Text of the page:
Startup and entrepreneurship

What’s entrepreneurship? A commonly used definition at Berkeley is “the pursuit of opportunity beyond the resources you currently control”. That means that entrepreneurship is not limited to startups, but can also happen inside an enterprise (Intrapreneurship). For the purpose of this blog, I would like to focus on entrepreneurship involved in starting a venture that has the willingness and potential to reach a certain scale. The vast majority of startup are Mom & Pa types of startups that turn into a life long business (about 60% of firms in 2005 had less than 10 employees in the US. Source: US census). Some of them are good business, even excellent businesses: An ice-cream stand, a gift store, a service company are all interesting ventures and deserve that their founders do their homework before starting but they are not the ones I’m going to focus on.

My background being strongly skewed toward IT, and the web, I think I will be able to talk more about IT ventures and especially if they are Web-based.

I will also try to focus on Startups that could be suitable and/or seeking Angel or VC funding as those are the types of venture I’ve been mostly working on in the last 2 years. Basics are the same for all those ventures, but the way to reach the end result is very different.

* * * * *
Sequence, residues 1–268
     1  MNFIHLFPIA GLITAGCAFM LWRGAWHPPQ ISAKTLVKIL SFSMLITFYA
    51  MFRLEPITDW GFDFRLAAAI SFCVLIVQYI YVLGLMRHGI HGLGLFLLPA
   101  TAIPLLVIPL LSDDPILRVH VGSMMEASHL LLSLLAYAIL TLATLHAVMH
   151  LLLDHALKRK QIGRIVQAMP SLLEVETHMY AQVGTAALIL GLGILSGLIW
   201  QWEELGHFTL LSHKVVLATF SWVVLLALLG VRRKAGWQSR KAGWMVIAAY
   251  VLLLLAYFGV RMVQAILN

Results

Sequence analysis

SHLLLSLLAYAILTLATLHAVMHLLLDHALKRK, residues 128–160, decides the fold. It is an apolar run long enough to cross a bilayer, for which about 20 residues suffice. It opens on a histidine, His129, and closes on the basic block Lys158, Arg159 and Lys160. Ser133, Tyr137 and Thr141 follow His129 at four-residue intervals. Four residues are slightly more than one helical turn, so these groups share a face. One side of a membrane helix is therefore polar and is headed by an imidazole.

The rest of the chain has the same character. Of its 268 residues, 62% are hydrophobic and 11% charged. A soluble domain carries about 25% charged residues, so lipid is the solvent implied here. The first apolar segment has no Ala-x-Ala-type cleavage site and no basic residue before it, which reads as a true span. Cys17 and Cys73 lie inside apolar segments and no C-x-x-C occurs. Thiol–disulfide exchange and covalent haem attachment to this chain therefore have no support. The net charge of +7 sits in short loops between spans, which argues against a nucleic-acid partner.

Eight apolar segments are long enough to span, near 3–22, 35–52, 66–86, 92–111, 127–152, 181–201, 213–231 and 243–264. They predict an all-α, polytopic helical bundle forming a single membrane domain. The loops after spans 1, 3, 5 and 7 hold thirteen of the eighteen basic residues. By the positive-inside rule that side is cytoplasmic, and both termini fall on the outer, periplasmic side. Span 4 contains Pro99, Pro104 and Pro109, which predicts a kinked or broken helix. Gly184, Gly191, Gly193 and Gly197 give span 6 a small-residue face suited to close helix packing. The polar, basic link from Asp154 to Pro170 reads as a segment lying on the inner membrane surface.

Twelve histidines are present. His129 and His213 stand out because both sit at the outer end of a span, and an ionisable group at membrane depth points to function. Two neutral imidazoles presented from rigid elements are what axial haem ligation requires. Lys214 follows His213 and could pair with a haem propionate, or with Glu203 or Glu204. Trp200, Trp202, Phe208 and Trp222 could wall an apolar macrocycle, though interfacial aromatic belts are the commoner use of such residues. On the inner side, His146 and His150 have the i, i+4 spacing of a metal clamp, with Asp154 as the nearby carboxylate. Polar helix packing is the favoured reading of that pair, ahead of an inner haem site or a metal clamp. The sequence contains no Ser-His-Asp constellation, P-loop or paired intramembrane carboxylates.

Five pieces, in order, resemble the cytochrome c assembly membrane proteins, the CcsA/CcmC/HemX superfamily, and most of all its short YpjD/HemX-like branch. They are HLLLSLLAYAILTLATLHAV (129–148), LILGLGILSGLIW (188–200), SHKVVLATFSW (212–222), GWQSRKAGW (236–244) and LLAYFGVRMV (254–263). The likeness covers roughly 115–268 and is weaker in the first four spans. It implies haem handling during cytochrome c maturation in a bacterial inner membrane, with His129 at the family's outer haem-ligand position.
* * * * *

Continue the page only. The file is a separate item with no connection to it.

4 thoughts on “Startup and entrepreneurship

  1. Hey Tim, Thanks for the comment and the link. The idea of this blog will be to develop in great details and with many example this type of approach for startups… Let’s hope it benefits some. I’ve just spend the day yesterday listening to pitches from startup and realize how far some of them are from seeing that their business is doomed to fail.. Anyway.. A lot to come!

  2. Hello Antony,

    It’s quite sure that entrepreneurship is interresting and that you need to be sure of yourself if you want to do it. However, any idea deserves to be tried just to see if it work.
    For example, we are applying a new idea to get means to make creative ideas.

    See you

    • Thank you for your comment. you are definitely right, any idea deserves some thoughts and even try outs, but what is important is the “Fail fast” principal: Coming to realize if an idea is viable as quickly as possible so you don’t waste time and money on something that ultimately won’t work. It’s very hard for an entrepreneur to let go of an idea (I have done it several times and still see some of them as good ideas – but they were not commercially viable using the structure and business model I had at hand), but I would say it’s the first time the hardest 😉

      By the way, I was part of a group that was brainstorming ideas and tried to come up with interesting stuff. It was a very fun exercise, and a good financial/market analysis framework was very helpful to eliminate the bad ones. for the good ones, we were putting a bit of time to research the potential and took decision after that.

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